As Kurds gain in Syria, Turk­ish gov’t pon­ders mil­i­tary ac­tion


As Kur­dish rebels in north­ern Syria rack up wins against the Is­lamic State group, Turk­ish media is abuzz with talk of a long-de­bated mil­i­tary in­ter­ven­tion to push the Is­lamic mil­i­tants back from the Turk­ish bor­der — a move that will also out­flank any Kur­dish at­tempts to cre­ate a state along Tur­key’s south­ern fron­tier.

Pres­i­dent Re­cep Tayyip Er­do­gan was to chair a Na­tional Se­cu­rity Coun­cil meet­ing Mon­day, only days af­ter he vowed to pre­vent the Kurds from es­tab­lish­ing a state in Syria.

Pro- gov­ern­ment news­pa­pers are rife with pur­ported pro­pos­als, rang­ing from loos­en­ing the rules of en­gage­ment to give Turk­ish troops a freer hand to fire into Syria, to a tanks-and-troops in­va­sion aimed at oc­cu­py­ing a 110-kilo­me­ter (70-mile) long, 33-kilo­me­ter (20-mile) wide buf­fer zone.

The burst of tough talk has an­a­lysts “scratch­ing their heads about what to make of all of this,” Aaron Stein, an as­so­ciate fel­low at the Lon­don-based RUSI think tank, said in a Twit­ter mes­sage.

In a tele­phone in­ter­view, Stein said the new talk of ac­tion was due in part to dra­matic Kur­dish gains in Syria, where rebels have scored a se­ries of vic­to­ries against Is­lamic State, most no­tably in the bor­der town of Tal Abyad. That key transit point is not far from the IS’s Syr­ian power base of Raqqa.

The cap­ture of Tal Abyad opened ways for Kurds to con­nect their strong­hold in Syria’s north­east to the once-badly iso­lated bor­der town of Kobani — which fa­mously re­sisted a months-long Is­lamic State siege — and per­haps even the Kur­dish en­clave of Afrin in Syria’s north­west. That would cre­ate a vast, con­tigu­ous zone of Kur­dish con­trol, which Tur­key fears will stir up sep­a­ratist sen­ti­ment among its own Kur­dish mi­nor­ity.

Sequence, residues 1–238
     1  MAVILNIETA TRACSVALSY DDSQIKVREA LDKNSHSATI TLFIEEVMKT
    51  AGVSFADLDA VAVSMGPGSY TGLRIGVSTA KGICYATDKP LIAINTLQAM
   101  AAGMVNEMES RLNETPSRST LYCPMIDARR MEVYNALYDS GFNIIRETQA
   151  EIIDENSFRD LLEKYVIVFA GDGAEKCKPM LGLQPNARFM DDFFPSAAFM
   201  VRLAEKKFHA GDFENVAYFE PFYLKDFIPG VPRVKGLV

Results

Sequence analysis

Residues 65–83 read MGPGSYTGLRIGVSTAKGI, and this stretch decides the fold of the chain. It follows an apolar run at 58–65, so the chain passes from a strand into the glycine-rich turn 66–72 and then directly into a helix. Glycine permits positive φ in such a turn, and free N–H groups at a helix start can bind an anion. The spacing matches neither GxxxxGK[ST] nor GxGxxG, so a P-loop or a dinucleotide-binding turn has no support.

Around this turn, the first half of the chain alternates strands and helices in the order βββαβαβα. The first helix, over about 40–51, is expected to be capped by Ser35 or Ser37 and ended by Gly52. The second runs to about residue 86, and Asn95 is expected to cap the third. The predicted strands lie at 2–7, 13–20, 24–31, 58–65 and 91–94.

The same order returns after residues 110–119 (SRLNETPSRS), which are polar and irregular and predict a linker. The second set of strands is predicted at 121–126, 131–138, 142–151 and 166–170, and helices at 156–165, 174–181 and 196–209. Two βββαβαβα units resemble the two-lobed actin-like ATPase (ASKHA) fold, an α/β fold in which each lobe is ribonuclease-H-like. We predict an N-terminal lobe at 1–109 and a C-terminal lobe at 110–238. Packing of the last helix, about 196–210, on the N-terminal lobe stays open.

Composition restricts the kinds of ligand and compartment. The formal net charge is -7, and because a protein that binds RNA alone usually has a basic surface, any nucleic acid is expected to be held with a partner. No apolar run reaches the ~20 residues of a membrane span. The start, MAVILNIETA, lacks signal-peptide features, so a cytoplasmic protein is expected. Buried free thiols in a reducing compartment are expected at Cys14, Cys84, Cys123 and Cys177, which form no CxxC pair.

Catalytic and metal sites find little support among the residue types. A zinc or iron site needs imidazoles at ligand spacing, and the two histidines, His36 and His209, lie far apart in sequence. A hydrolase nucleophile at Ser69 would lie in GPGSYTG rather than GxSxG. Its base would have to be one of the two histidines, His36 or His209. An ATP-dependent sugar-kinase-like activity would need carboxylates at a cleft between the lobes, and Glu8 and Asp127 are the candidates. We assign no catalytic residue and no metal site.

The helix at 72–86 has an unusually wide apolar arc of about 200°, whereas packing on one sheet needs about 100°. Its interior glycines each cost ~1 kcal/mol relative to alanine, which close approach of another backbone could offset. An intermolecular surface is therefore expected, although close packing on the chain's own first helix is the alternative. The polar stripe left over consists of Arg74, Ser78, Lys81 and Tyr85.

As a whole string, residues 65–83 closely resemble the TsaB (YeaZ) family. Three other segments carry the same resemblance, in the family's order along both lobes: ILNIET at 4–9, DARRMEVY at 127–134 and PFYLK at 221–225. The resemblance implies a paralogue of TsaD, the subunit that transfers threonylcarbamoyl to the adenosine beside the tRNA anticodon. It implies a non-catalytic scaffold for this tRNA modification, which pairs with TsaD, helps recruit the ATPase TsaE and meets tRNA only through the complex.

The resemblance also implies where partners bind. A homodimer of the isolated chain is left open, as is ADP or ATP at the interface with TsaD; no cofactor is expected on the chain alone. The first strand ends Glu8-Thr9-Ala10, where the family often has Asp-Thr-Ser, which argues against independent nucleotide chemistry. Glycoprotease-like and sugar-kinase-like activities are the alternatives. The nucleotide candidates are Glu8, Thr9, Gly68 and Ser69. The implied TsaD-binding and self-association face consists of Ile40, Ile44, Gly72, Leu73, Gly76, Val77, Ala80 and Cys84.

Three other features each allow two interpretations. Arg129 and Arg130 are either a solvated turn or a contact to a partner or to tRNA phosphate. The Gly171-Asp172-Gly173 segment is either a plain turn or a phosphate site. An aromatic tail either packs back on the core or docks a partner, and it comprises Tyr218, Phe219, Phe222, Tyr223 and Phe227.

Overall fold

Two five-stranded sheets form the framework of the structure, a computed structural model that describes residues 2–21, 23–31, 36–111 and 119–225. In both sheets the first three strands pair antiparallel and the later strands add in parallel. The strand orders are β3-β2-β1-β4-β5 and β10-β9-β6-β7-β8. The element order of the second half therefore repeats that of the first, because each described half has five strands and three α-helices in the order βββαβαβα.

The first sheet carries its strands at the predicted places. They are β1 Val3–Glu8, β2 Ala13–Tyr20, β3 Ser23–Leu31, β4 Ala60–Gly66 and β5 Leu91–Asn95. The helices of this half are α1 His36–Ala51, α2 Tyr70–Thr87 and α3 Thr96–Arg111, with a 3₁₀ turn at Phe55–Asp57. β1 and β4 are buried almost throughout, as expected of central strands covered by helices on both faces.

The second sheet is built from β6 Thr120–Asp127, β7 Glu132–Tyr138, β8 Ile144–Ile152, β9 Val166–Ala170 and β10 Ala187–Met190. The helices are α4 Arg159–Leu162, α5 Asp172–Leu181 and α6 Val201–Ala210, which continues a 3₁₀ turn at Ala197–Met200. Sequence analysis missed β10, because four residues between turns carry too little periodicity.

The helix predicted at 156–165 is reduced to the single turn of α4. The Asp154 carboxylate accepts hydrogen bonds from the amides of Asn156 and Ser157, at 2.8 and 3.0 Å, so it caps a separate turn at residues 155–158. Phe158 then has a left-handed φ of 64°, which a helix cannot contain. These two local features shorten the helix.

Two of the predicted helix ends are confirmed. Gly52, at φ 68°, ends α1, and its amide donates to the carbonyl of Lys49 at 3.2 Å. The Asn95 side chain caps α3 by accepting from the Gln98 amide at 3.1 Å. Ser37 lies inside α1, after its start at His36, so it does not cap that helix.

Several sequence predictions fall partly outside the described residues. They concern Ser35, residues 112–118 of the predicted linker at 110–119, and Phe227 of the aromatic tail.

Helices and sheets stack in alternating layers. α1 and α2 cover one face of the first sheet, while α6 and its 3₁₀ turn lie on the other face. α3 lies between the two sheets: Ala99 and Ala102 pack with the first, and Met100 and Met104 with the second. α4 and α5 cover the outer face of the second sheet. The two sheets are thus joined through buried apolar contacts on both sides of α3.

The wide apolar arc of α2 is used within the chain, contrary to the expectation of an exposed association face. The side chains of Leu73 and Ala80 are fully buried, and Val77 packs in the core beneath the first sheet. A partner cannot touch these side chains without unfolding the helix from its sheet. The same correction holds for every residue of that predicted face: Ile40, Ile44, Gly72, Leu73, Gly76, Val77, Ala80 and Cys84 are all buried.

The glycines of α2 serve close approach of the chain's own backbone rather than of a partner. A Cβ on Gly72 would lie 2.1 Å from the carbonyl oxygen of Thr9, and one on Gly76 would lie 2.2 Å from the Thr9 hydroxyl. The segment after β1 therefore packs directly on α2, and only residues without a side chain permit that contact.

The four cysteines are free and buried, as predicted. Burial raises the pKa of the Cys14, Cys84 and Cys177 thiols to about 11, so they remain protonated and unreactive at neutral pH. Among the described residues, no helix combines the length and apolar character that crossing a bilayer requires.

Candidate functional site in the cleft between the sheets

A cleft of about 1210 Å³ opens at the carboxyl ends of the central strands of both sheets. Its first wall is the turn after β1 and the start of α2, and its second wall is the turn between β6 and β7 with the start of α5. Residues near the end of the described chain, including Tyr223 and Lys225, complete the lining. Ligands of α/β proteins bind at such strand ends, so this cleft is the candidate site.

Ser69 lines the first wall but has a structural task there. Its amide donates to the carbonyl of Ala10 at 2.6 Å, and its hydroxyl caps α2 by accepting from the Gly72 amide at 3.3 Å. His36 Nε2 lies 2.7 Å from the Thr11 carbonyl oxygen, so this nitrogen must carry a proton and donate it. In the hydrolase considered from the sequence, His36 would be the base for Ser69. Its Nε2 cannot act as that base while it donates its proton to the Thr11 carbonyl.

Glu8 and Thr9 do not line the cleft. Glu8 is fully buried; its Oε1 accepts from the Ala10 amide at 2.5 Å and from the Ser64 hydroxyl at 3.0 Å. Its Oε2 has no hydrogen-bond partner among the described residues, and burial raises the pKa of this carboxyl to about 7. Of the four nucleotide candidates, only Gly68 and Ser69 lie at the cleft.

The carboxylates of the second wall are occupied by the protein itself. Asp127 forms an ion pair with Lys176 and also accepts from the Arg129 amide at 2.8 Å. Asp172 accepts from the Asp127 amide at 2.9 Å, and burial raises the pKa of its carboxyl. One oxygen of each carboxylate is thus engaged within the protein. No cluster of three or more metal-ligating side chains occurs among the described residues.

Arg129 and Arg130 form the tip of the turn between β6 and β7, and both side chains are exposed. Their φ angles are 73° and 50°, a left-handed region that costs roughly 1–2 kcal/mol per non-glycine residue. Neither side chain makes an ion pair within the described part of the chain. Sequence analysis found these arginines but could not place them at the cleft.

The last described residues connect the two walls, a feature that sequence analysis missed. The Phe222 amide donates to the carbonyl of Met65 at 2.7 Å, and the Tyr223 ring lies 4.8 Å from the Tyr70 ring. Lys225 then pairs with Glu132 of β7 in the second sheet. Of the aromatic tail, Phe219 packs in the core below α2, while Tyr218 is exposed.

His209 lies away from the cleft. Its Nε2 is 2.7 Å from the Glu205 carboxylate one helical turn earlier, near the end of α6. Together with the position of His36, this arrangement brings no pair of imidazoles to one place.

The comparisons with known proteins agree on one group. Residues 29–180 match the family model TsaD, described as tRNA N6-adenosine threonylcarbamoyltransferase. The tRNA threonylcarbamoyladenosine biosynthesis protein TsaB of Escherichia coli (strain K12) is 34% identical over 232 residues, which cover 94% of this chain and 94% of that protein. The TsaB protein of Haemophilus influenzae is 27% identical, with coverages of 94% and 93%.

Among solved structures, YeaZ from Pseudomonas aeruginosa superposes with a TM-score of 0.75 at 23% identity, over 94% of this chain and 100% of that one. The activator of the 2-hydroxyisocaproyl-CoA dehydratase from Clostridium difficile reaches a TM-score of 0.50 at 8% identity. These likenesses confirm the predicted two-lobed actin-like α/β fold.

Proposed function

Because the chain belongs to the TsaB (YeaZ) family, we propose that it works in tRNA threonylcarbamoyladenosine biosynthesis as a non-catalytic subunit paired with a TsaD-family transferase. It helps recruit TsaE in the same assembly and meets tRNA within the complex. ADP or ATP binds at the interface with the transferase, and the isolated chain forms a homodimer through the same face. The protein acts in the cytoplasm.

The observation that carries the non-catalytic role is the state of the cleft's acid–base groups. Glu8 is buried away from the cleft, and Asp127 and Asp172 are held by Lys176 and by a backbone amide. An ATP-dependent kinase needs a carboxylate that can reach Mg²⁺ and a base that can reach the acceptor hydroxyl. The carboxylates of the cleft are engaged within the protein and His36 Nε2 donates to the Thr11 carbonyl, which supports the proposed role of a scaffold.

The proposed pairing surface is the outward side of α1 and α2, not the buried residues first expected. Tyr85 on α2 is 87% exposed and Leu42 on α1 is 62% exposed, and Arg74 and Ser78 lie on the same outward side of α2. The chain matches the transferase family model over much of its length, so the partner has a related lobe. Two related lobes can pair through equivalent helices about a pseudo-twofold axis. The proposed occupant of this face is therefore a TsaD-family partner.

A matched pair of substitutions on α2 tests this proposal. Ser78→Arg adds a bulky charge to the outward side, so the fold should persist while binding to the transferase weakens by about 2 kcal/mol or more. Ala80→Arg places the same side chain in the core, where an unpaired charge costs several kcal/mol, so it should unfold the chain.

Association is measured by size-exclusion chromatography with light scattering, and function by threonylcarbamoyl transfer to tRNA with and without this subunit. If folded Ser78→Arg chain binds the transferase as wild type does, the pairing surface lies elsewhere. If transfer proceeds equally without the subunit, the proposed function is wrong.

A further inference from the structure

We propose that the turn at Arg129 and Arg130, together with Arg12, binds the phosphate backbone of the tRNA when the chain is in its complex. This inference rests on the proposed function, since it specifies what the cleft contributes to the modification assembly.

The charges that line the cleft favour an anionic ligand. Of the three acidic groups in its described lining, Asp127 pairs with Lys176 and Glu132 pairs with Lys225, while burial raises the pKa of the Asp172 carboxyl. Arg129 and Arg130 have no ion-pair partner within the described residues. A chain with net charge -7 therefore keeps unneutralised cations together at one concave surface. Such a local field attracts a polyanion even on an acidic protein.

Ankara is also ea­ger to shake ac­cu­sa­tions that it is turn­ing a blind eye to the Is­lamic State group — es­pe­cially af­ter photos were pub­lished show­ing the grin­ning fa­nat­ics within a stone’s throw of the Turk­ish bor­der dur­ing the bat­tle for Tal Abyad.

Stein said the pic­tures were em­bar­rass­ing.

“You had ISIS fight­ers walk­ing within 10 feet (3 me­ters) of the bor­der, smil­ing and wav­ing at Turk­ish bor­der guards,” he said, us­ing an acro­nym for Is­lamic State. “That gives the im­pres­sion of com­plic­ity. It’s very dam­ag­ing to Ankara.”

But the idea of mil­i­tary in­ter­ven­tion across the bor­der re­mains un­pop­u­lar in Tur­key. Any fight­ing in ur­ban ar­eas would al­most cer­tainly mean heavy ca­su­al­ties. And even a more lim­ited in­ter­ven­tion, such as ar­tillery or air strikes, could send even more Syr­i­ans flee­ing to­ward Tur­key, which is al­ready bur­dened with the world’s largest num­ber of refugees.

Any fight­ing in Kur­dish ar­eas of Syria risks de­rail­ing the peace process with Kur­dish rebels in south­east­ern Tur­key, over­turn­ing a key achieve­ment of Er­do­gan’s lead­er­ship and po­ten­tially spread­ing vi­o­lence across the coun­try.

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